Octoraro Native Pant Nursery donated the first 100 trees to the April 24 kickoff of a major effort to plant 10 million trees in Pennsylvania. The Keystone 10 Million Trees Partnership is being led by the Chesapeake Bay Foundation (CBF), the Pennsylvania Department of Conservation and Natural Resources (DCNR) and the Pennsylvania Department of Agriculture (PDA).
The Partnership is a collaborative effort of national, regional, state, and local agencies, conservation organizations, outdoors enthusiasts, businesses, and citizens committed to improving Pennsylvania’s communities, economy, and ecology.
“We are pleased that Octoraro was able to donate these 100 trees to help launch this exciting project,” said Jim MacKenzie, president of Octoraro Native Plant Nursery. “This is an ambitious effort to improve water quality in Pennsylvania’s rivers and streams. We commend CBF, DCNR and PDA for their vison and foresight in launching this program.
The Octoraro donated trees were a variety of native species. Octoraro specializes in growing mid-Atlantic native trees and shrubs from regional seed sources.
About 100 conservationists, including three state cabinet secretaries and the Region III Administrator of the Environmental Protection Agency (EPA), met on the Garber Farm in Manheim for the official launch of the Partnership and a tree-planting in a streamside buffer along Little Chiques Creek.
By the end of April 2018, the Keystone 10 Million Trees Partnership had already planted more than 31,000 trees at over 50 locations throughout Pennsylvania. The Partnership is a collaborative effort, coordinated by the CBF, national, regional, state, and local agencies, conservation organizations, watershed groups, conservancies, outdoors enthusiasts, businesses, and individuals. The goal is to plant 10 million trees by the end of 2025.
“The old proverb, “it takes a village,” is certainly true for restoring Pennsylvania’s rivers and streams,” said CBF President William C. Baker. “The Commonwealth is significantly behind in meeting its pollution-reduction commitments and the Keystone 10 Million Tree Partnership will accelerate efforts to close that gap.”
“When we look at solutions for some of our conservation challenges such as managing stormwater from very heavy rain events, having clean drinking water, and providing habitat for fish and wildlife, it turns out that trees are the answer,” DCNR Secretary Cindy Adams Dunn said. “We are excited to work with the Chesapeake Bay Foundation and many other partners on this movement to plant trees along streams and in communities across Pennsylvania.”
Roughly 19,000 miles of Pennsylvania’s rivers and streams are impaired by polluted runoff and the legacy of coal mining. Trees are the most cost-effective tools for cleaning and protecting waterways by filtering and absorbing polluted runoff, stabilizing streambanks, and improving soil quality.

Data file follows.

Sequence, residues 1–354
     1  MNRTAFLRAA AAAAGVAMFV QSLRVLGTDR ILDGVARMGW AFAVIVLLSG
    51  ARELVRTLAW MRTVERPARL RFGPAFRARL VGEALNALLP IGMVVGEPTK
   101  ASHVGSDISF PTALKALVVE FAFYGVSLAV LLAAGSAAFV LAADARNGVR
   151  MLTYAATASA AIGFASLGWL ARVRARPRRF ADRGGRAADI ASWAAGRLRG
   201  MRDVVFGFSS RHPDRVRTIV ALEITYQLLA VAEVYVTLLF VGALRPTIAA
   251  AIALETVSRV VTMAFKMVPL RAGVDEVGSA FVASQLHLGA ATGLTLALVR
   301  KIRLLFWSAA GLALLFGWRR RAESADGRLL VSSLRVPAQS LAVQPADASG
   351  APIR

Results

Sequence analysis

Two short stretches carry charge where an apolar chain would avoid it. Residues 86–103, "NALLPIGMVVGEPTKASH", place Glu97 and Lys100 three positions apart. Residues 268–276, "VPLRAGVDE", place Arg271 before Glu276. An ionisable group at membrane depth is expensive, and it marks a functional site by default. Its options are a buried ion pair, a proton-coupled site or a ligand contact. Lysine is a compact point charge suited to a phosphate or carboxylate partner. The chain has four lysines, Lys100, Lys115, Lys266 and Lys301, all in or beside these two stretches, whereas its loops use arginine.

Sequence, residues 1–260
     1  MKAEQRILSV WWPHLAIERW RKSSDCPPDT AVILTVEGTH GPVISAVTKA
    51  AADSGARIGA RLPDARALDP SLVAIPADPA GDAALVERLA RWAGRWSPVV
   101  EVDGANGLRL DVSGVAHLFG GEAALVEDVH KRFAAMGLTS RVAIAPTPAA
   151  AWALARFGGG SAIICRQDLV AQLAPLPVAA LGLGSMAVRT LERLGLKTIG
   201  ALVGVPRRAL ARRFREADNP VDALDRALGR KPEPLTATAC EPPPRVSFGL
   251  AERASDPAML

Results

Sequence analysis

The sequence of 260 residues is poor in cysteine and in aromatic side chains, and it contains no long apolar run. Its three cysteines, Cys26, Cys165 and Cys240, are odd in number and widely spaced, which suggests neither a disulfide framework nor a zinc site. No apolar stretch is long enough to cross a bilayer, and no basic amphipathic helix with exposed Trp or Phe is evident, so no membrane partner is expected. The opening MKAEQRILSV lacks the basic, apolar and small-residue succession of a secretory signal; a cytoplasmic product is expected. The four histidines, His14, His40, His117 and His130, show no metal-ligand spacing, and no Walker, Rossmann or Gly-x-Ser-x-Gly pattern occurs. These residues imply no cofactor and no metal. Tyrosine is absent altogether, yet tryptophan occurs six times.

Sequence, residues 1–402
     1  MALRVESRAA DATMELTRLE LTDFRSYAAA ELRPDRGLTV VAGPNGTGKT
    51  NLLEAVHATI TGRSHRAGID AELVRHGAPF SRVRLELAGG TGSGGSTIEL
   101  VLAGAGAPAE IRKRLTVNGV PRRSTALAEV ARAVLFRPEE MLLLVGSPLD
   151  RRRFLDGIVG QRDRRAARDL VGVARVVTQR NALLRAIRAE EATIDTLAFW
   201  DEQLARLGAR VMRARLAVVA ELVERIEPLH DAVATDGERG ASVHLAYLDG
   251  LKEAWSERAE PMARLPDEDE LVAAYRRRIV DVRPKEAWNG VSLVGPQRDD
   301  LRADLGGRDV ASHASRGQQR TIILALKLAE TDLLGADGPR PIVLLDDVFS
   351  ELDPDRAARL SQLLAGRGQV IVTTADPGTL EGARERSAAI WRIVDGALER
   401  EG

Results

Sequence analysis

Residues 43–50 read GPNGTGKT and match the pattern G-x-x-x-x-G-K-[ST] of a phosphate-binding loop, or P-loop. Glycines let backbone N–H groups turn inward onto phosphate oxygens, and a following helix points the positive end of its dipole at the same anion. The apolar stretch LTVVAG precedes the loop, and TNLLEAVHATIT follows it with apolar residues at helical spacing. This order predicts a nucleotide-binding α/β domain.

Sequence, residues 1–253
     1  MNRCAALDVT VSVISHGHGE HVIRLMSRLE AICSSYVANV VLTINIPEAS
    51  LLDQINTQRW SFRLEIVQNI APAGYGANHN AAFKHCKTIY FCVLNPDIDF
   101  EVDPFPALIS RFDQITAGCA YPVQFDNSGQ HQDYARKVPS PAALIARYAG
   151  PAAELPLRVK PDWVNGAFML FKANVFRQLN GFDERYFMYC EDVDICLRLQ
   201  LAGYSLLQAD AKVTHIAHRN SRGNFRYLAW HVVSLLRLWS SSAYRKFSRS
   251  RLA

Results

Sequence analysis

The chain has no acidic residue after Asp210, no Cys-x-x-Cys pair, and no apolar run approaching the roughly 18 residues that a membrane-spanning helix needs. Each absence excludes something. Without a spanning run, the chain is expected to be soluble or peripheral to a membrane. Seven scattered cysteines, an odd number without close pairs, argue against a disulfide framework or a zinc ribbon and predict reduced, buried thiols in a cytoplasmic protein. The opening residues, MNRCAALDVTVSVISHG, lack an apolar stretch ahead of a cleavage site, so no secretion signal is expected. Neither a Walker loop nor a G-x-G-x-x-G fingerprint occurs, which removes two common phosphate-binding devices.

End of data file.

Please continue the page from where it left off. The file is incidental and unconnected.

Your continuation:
The Commonwealth’s Clean Water Blueprint calls for about 95,000 acres of forested buffers to be planted in Pennsylvania’s portion of the Chesapeake Bay watershed. Adding 10 million new trees alongside streams, streets, and other priority landscapes would accelerate the Keystone State toward its clean water goals, achieving as much as two-thirds of the 95,000-acre goal.
“A farm is the perfect place to kick off this initiative,” Agriculture Secretary Russell Redding said. “Prosperous farms and a safe, abundant food supply depend on clean water, and a clean water supply depends on strategic farm management practices like forested buffers. Pennsylvania’s farmers are key to clean water for our region and we are pleased to support them as stewards of our resources.”
The Partnership is placing special emphasis on plantings in five counties in southcentral Pennsylvania because of large contributions of nitrogen, and that local stream impairment and overall loss of trees along streams and streets, is where greatest need meets greatest opportunity. The Partnership can jumpstart the Commonwealth’s efforts with concentrated plantings in those counties.
Trees placed in parks, municipal properties and other urban and suburban settings absorb and clean stormwater, reduce flooding, and help restore abandoned mine land.
“Trees, especially when alongside streams and streets, are one of the most cost-effective ways to restore and protect stream health, help keep nutrients and soils on the land, and cleanse drinking water sources,” said Harry Campbell, CBF Executive Director in Pennsylvania. “More trees benefit our farmers, our communities, and our health and welfare.”
Campbell expressed confidence in the Partnership’s effort and noted that its success will be influenced by how it evolves. “Many hands make light work. Together with partners new and old, we can plant 10 million trees,” he said. “We encourage organizations, business, schools, and anyone else concerned about restoring and protecting Pennsylvania’s waters, to sign up as partners. All that’s necessary is a commitment to reducing pollution and to planting trees as a solution to making that happen.”
Photo: Left to right: Secretary of Conservation and Natural Resources Cindy Dunn, Secretary of Agriculture Russell Redding and Secretary of Environmental Protection Patrick McDonnell